Having worked as a Trainer and curriculum designer for a number of years, I can truly appreciate the thought and planning put into this work. It’s really very, very well done. When looking for a method to learn a new language, my requirement was simple: I had to be able to do this while travelling. I had used another method that displays pictures and associated words, which seemed to work well enough, but the problem with that method was that I had to be near a computer to use it. I spend a lot of time travelling, so I needed something that I could simply listen to and repeat. I was not disappointed, and I recommend the Pimsleur method for anyone that travels; even if you just have a long commute. Thirty minutes a day is all it takes, and if you stick to it, it will stick to you.
Can't say too much more without giving away secrets; but I will say that although this really isn't my type of book, the quality of writing and excellence of narration were extremely enjoyable, and I highly recommend the read.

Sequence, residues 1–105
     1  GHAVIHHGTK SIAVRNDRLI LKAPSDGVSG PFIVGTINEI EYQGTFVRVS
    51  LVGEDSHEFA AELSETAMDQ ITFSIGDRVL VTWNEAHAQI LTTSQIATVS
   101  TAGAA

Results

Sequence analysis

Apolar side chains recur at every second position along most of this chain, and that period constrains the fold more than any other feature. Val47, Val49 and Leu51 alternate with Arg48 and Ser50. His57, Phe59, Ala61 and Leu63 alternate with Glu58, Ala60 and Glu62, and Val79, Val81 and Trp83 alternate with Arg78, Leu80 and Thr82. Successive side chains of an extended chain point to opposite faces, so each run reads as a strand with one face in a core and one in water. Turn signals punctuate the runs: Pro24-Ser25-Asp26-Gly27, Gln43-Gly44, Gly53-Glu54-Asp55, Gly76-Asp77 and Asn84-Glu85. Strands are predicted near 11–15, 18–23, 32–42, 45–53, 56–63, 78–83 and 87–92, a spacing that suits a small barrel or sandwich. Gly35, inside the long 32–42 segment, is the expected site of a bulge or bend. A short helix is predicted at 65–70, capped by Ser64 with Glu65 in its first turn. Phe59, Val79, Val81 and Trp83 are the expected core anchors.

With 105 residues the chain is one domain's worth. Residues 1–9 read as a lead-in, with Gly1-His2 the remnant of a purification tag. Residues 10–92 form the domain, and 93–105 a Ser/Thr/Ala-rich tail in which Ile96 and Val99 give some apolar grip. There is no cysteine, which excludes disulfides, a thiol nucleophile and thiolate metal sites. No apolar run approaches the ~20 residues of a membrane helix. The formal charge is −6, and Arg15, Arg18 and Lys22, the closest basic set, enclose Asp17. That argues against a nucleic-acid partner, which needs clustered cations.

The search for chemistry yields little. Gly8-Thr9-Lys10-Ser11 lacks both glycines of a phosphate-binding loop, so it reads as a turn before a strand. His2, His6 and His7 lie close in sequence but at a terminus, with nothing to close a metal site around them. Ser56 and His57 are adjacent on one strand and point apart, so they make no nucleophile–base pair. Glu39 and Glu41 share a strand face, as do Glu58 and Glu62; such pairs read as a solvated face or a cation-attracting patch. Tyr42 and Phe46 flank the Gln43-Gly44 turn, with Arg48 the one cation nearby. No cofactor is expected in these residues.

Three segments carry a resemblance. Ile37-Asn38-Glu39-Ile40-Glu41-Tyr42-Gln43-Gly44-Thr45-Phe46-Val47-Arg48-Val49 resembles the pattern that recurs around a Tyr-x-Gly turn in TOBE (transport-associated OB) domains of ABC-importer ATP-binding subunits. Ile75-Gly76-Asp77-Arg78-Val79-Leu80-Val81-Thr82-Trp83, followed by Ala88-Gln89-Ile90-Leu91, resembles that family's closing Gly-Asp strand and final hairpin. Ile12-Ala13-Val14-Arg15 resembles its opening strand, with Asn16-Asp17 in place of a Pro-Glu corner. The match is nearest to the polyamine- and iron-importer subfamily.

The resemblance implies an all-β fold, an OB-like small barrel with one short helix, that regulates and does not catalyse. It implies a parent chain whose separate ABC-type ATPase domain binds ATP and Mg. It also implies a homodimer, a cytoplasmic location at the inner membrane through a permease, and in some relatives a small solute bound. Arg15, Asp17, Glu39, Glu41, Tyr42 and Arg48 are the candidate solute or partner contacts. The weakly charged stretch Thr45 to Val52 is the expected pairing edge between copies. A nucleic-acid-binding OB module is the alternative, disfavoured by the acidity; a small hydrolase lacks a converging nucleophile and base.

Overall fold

"Work hard for a long time"...
"Work through the pain..."
"Never give up..."
.. and my personal favorite:
"Having goals is critical to achieving goals."
Don't waste your time. You've heard it all before.
I suppose that if we all took the time to actually think about these things, it might seem.... almost obvious. However, we don't.. but we should. And that is what happens here. An excellent read, to be sure.
Great book! I was impressed by how well the author knew me! I also really enjoyed the ongoing, and at times direct, comparative analysis made with philosophies of other psychoanalysts, and the lterary references made to help illustrate certain points. The organization of the writing is inspired, and every chapter builds further on previous reading.
Well-performed version of an American classic. A good look at life in the city in the early 1900's.
Another "self-help" book about someone that helped himself... although apparently the help was never needed. I found someone wealthy speaking about "curing wealth" to be less-than poignant.
Unremarkably typical I-was-poor-and-now-I'm-rich-so-you-can-be-too tale of personal woe and "triumph". Mr. Winters' narration is inarticulate, colorless, preachy and passive.
Don't waste your money.
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